APPLICATIONSCREATION GRAPHIQUEGAMESLIST ★ PIXELATOR|COMPUTING WITH THE AMSTRAD) ★

Paint a pretty pixel
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Edit your pictures in minute detail with ROBIN NIXON's Pixelator

PIXELATOR is a machine code " pixel editor offering functions you'd normally find only on the most powerful graphics packages. Most of its facilities can easily be accessed using the cursor keys in conjunction with Shift, Control or Copy.

The idea is to make editing those fiddly bits of pictures much easier by magnifying them. Although Pixelator is probably most useful when used in conjunction with your normal art package, you can also use it to design screens from scratch.

I built one limitation into the system - the program only runs in Mode 0. This is because of the maths required to get the direct pixel scrolling and to make manipulation as fast as possible.

A more general routine would be a lot slower (and longer) and anyway, I think you get the best effects from having all 16 colours available in Mode 0.

When you run Program I it saves a binary file called PIXEL.OBJ to tape or disc. This file can then be loaded and run at a later date by a simple Basic program such as this:

100 MODE 0
110 MEAMRY &3FFF
120 LOAD"PICTURE.BIN",&4000
130 LOAD"PIXEL.BIN",&8000
140 CALL &8000

You will notice that HIMEM has been set to &3FFF by the MEMORY command in line 110. All programs that use Pixelator must do this as a copy of the screen is stored at &4000 so the memory above this address must be protected.

When the code is called - as in line 140 above - you are presented with a menu offering a number of selections - see Table I.

Tab Edit picture
I Change inks
L Load picture
S Save picture
Esc Return to Basic
→ First colour
← Last colour
↑ Next colour
↓ Previous colour
Return Select colour
Table I: Main menu keysTable II: Ink selection keys

The colours assigned to the inks are as you left them when you entered Pixelator. So if you have set ink 3 to yellow in your Basic program, that remains.

However, if you are not happy with the colours which have been chosen, you can change them by selecting I (for Inks) from the menu.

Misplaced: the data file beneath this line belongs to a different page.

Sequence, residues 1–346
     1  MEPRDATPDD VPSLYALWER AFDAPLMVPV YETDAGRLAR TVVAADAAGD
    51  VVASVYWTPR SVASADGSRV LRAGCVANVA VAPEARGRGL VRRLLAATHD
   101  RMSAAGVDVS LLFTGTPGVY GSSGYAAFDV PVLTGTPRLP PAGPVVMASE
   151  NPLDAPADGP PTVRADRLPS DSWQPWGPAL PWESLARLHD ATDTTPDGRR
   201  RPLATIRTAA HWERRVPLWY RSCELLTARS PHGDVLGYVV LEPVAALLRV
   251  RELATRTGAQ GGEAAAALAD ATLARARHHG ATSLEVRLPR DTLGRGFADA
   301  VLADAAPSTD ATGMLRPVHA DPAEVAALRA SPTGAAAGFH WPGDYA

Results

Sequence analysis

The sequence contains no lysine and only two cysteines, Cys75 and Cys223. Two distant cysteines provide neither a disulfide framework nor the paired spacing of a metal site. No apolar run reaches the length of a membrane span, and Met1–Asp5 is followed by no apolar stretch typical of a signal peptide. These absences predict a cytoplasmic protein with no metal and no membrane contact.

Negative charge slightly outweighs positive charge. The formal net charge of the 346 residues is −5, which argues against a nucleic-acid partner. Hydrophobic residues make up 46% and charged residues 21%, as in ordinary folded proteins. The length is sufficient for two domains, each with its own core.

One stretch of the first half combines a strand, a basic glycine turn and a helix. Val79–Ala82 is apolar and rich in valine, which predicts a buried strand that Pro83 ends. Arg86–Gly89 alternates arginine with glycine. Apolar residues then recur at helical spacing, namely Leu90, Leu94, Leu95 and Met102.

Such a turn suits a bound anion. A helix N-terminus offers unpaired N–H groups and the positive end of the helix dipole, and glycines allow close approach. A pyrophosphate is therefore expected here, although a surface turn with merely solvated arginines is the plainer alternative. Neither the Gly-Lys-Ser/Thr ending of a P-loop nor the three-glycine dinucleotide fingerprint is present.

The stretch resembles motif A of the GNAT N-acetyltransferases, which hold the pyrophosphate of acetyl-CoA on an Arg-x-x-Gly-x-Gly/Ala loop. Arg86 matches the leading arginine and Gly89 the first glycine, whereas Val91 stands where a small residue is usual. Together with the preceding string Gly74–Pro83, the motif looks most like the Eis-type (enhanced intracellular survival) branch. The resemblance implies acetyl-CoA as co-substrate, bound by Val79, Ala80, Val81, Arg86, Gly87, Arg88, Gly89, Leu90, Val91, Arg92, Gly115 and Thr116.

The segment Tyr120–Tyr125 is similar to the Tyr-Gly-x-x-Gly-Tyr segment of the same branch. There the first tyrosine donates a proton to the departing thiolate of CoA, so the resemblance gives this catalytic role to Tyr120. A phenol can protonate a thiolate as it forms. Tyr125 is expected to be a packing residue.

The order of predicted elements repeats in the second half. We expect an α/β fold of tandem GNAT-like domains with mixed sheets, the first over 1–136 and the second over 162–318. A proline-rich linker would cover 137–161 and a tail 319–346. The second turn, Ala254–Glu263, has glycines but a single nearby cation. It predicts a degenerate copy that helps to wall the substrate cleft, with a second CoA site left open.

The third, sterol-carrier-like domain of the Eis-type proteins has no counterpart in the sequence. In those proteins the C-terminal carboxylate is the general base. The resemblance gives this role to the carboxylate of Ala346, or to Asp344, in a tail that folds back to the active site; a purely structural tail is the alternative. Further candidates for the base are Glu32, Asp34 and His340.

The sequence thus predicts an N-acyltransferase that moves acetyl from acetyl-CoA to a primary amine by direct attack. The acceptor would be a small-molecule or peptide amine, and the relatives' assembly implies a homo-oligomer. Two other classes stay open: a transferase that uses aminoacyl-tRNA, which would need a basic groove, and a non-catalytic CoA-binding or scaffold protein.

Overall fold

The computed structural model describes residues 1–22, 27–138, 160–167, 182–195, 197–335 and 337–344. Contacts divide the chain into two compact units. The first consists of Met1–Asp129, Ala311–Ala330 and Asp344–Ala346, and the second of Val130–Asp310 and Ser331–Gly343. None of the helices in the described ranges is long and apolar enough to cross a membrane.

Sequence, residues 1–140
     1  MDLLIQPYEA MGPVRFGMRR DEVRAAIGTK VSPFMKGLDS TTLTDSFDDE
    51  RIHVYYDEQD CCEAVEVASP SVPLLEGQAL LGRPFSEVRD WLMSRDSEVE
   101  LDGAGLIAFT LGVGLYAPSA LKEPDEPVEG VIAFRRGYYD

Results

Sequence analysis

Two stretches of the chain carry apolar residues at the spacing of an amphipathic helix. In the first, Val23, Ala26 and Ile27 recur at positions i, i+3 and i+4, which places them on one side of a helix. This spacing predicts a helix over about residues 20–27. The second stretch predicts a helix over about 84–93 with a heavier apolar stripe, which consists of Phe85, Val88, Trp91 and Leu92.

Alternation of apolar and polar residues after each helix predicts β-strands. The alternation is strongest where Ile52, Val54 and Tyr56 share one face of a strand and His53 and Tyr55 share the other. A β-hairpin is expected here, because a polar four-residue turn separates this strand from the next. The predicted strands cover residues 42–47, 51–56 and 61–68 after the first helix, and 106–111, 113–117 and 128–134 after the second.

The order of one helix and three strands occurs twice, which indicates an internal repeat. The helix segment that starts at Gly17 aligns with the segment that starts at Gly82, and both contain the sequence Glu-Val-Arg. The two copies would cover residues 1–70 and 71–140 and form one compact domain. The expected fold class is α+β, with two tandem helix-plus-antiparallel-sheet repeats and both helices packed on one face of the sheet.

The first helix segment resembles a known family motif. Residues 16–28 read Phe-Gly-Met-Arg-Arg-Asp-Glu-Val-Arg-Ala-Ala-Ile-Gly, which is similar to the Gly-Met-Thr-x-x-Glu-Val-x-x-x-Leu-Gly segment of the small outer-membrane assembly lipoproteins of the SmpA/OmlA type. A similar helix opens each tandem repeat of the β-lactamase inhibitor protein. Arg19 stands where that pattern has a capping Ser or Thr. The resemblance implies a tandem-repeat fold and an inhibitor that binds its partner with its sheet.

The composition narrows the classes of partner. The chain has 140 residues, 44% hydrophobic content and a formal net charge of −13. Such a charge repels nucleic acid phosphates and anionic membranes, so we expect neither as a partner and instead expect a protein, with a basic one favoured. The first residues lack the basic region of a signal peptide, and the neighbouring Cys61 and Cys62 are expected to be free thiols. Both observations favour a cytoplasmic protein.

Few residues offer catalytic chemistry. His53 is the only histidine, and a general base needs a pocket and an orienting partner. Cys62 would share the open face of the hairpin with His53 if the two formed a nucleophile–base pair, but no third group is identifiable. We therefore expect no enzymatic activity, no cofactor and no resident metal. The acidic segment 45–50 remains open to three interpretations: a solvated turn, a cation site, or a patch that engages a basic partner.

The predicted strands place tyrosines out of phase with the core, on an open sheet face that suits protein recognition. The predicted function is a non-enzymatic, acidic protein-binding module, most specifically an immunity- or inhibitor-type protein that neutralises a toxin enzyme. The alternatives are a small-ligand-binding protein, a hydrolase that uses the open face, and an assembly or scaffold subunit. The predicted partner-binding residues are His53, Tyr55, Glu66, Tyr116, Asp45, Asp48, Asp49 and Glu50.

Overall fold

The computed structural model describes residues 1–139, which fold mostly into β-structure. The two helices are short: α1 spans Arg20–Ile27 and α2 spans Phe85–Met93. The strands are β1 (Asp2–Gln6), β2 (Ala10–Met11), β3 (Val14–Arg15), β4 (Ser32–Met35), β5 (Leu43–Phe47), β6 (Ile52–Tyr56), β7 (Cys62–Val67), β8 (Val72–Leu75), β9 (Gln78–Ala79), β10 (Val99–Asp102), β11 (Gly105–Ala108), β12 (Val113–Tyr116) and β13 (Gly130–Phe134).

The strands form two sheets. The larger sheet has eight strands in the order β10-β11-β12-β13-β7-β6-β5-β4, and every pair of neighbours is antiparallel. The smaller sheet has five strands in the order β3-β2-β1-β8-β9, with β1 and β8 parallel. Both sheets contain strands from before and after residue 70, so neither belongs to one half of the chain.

You are then prompted for the colour number which you must enter in hexademical (0 - F). If you are unsure about hexadecimal, the colours are listed on the screen next to their selection numbers.

Having selected an ink number you are prompted for a colour to assign to it. You choose one with the cursor keys: The left arrow selects ink 0, the right arrow selects ink 26 and the up and down arrows select the next or last ink.

When you have made your choice, press Return and select the second ink - make this the same as the first if you don't want the colour to flash. The keys required are summarised in Table II.

If the currently loaded picture is not the one you wish to edit, you can load a new one by pressing L (for Load picture). Likewise, pictures you wish to keep can be saved by pressing S.

Pressing Tab takes you into edit mode. Here you see the whole of the picture you are editing with a window, taking up a quarter of the screen, containing a blown-up portion of it.
If the part you want to look at is obscured by the window, you can move it using the cursor keys with Control.

Once you've got the window where you want it, you can move the cursor to its required position using the arrow keys on their own. When the cursor reaches the edge of the window it automatically scrolls, showing you where you are. If you prefer to keep the cursor at a certain position within the window you can still scroll it by using the arrow keys with Shift.

Sometimes the window can get in the way too much for you to decide exactly what you're aoinq to do next.
To avoid this, pressing Clr at any time hides the window.

NormalShiftControlCopy



Cursor left
Cursor right
Cursor up
Cursor down
Scroll window left
Scroll window right
Scroll window down
Scroll window up
Move window left
Move window right
Move window up
Move window down
First colour
Last colour
Next colour
Previous colour
TAB Enter main menu
CLR Hide window
SPACE Set pixel
ESC Return to Basic
Table III: Edit mode keys

To select the current drawing colour use the arrow keys in conjunction with the Copy key. All these commands are documented in Table III.

If you would like a copy of the complete source code (which unfortunately is far too long to fit in the magazine), written using Maxam, write to me enclosing a stamped addressed envelope.

CWTA

★ PUBLISHER: Computing with the Amstrad
★ YEAR: 1988
★ CONFIG: 64K + AMSDOS
★ LANGUAGE:
★ LICENCE: LISTING
★ AUTHOR: Robin Nixon

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L'Amstrad CPC est une machine 8 bits à base d'un Z80 à 4MHz. Le premier de la gamme fut le CPC 464 en 1984, équipé d'un lecteur de cassettes intégré il se plaçait en concurrent  du Commodore C64 beaucoup plus compliqué à utiliser et plus cher. Ce fut un réel succès et sorti cette même années le CPC 664 équipé d'un lecteur de disquettes trois pouces intégré. Sa vie fut de courte durée puisqu'en 1985 il fut remplacé par le CPC 6128 qui était plus compact, plus soigné et surtout qui avait 128Ko de RAM au lieu de 64Ko.